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July 16th, 2010 #1
Hardcore (to make the brothas act fools)
Last edited by Jason Scanlon; December 9th, 2012 at 12:48 PM.
Hide this ad by registering as a memberJuly 17th, 2010 #2
Dump #1 (linework practice beginning the day I met up with MurdokX at the museum after coming home from Revelations)
Dump #2: Crumbling Moleskine
The first four are based on characters by Kovah, Wolfbane, Katfayheirti, and AbstractPagan from CA (Not that i did them any justice. Hope these folks dont mind.)
Last edited by Jason Scanlon; July 29th, 2010 at 11:41 AM.
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July 18th, 2010 #3
Dump 3: Little Sketchbook with a Cover Like an Old Floppy Disk
Observational stuff first, then a few directly from the dome
July 19th, 2010 #4
Man, that's a wonderful start to a sketchbook Can't wait for more things.. you're lines are great and your shading also. Maybe you can work a bit more on your gestures
Keep it up!!!
Was really great to meet you, and you can annoy me anytime you want
気計 - Quike
"Yesterday is history, tomorrow is a mystery, but today is a gift. That is why it is called the present.."
The Spaniard's Sketchbook... No holds barred
July 19th, 2010 #5
i'm likin it man. your thumbnail sketchbook was a pleasure to look thru, i think i might get one of them for composition studies
i think ur imagination drawings would benefit more from a greater focus on rhythm,
figures like these http://farm5.static.flickr.com/4078/...54a5d94c_b.jpg
sometimes appear a bit contrived as in, constructed from straight lines and shapes
prometheus' tutorial has a good example of what i mean
life drawing can help a lot, and gesture studies; arms arent tapering cylinders, muscles give an infinite variation to the contour that you can really push and play with. using more dynamic perspectives can also add more variation into the outline of a figure and make the silhouette more interesting. being aware of the subtleties of the human form usually marks the difference between a good figure and a great one. your starting to get there already, but i think your at a place where some focus on that will really make your figures stand out. in depth anatomy studies would be good too, the body is always so full of energy even in repose, it has so much rhythm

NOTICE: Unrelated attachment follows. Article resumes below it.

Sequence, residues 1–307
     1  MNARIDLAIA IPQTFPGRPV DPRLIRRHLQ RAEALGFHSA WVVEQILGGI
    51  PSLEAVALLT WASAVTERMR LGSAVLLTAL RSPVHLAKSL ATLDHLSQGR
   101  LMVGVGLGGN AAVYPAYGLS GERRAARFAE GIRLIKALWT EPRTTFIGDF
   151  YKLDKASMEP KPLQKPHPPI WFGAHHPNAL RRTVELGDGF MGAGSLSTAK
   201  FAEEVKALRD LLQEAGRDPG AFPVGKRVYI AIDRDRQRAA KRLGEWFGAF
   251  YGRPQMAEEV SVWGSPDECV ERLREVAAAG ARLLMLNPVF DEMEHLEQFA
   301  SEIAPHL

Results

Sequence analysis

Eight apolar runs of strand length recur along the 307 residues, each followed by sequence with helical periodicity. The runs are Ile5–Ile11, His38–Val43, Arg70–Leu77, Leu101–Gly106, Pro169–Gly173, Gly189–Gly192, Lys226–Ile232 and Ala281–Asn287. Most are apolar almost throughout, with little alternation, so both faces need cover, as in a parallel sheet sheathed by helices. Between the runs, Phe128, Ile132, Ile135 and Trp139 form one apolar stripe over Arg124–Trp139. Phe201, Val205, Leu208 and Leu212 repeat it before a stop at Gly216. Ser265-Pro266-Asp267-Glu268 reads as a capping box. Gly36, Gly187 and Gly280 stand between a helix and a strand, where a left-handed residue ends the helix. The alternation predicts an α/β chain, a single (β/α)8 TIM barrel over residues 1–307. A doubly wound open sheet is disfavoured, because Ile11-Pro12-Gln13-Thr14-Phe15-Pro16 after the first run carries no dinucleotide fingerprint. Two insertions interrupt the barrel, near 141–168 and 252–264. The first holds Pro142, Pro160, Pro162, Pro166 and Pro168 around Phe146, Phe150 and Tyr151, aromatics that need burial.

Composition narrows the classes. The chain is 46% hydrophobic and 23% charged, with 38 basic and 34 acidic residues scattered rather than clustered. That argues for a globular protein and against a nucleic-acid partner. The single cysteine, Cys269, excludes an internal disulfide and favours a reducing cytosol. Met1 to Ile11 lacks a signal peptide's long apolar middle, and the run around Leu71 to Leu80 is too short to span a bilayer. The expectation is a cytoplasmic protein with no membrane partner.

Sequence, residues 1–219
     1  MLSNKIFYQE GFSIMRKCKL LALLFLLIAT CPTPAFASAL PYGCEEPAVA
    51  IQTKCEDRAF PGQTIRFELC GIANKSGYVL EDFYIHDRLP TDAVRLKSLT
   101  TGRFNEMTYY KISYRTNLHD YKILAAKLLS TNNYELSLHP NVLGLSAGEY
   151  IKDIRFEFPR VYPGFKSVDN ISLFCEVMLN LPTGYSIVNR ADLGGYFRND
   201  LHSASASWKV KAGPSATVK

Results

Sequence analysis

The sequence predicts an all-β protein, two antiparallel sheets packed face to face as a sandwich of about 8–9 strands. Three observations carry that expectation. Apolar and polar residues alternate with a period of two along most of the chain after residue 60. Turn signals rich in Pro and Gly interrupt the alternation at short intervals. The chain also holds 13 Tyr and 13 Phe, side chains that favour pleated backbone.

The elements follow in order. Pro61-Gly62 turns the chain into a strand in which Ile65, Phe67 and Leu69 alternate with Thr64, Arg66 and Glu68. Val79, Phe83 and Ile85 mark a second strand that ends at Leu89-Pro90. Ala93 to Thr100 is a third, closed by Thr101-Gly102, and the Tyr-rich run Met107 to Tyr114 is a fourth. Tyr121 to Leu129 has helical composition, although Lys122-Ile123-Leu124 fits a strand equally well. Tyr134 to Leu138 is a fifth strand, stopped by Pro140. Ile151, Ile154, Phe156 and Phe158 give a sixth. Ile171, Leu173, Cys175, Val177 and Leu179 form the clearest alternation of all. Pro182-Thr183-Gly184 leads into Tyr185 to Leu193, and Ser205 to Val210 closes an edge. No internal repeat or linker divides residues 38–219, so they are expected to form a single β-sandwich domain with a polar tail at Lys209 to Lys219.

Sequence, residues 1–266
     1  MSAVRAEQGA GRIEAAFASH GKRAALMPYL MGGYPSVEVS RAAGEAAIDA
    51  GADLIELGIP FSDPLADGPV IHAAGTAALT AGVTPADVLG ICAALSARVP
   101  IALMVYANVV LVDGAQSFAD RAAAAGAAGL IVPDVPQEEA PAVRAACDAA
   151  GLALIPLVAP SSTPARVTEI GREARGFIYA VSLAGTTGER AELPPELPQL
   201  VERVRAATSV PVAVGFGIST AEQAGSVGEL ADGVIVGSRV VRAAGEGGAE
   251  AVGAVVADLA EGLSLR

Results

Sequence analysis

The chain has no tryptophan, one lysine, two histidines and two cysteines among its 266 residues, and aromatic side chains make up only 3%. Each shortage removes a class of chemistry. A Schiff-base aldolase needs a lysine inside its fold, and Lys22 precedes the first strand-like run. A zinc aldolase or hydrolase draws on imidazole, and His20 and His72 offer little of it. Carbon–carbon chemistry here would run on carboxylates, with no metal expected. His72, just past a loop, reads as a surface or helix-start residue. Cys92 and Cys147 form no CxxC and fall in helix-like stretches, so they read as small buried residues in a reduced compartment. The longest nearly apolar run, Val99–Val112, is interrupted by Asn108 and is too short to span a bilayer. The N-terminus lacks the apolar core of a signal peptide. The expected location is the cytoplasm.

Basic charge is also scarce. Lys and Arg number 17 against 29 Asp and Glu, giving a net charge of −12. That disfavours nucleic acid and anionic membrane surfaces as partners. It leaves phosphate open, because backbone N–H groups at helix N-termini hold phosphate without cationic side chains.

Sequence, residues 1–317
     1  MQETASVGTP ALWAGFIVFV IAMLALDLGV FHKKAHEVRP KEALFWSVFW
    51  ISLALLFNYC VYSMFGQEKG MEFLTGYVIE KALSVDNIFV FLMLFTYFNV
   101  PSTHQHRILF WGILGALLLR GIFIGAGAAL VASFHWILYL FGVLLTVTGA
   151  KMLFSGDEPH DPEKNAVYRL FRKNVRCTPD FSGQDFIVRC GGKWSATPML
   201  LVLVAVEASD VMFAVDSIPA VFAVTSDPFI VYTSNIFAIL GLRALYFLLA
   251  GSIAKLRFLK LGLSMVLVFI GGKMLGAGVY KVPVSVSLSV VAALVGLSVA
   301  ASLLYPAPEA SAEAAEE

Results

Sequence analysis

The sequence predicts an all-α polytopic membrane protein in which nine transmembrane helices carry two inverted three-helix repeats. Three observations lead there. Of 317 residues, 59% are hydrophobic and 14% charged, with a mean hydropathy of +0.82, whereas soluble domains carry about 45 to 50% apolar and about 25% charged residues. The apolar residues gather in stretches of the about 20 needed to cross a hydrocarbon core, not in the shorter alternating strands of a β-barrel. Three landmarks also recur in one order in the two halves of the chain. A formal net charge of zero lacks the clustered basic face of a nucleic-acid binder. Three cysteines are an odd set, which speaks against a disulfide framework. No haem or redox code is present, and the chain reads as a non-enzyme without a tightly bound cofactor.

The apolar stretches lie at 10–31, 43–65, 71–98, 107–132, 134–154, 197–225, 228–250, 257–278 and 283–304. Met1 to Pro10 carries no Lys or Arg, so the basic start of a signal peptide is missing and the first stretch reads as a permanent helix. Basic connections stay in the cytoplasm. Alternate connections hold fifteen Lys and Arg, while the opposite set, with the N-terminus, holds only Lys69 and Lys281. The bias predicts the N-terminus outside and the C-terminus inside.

i really like your pen drawings up top too
this is just great! more
Last edited by sleep; July 19th, 2010 at 07:55 PM.
July 21st, 2010 #6
Quike: Thanks for the input. I used to do gestures all the time. For a while i was pretty decent at making poses out of my head and not much else. It seems the more more i worked on the other stuff, the stiffer things got. That might just be how i remember it though. It's really nice to hear from you; when you update your book i owe you a real crit.
Sean: Indeed, my imagined figures are much weaker. It becomes particularly obvious to me when i am trying to create one and have no idea what im doing. Those sketches are rather old, and i wish i could say that i no longer have that problem. I have a fairly weak grasp on anatomy as i have never studied it extensively and most of my understanding is based on life drawing. Unfortunately, the majority of that has been me drawing unsuspecting people at the book store or coffee shop or on the train. That's why i love being able to make it to figure drawing sessions when i can afford it. I just need render more efficiently since i cant get much done in 2 hours as it is. Thanks for the help, I'll hit you on FB or something to see if we can put each other on to any hiphop artists.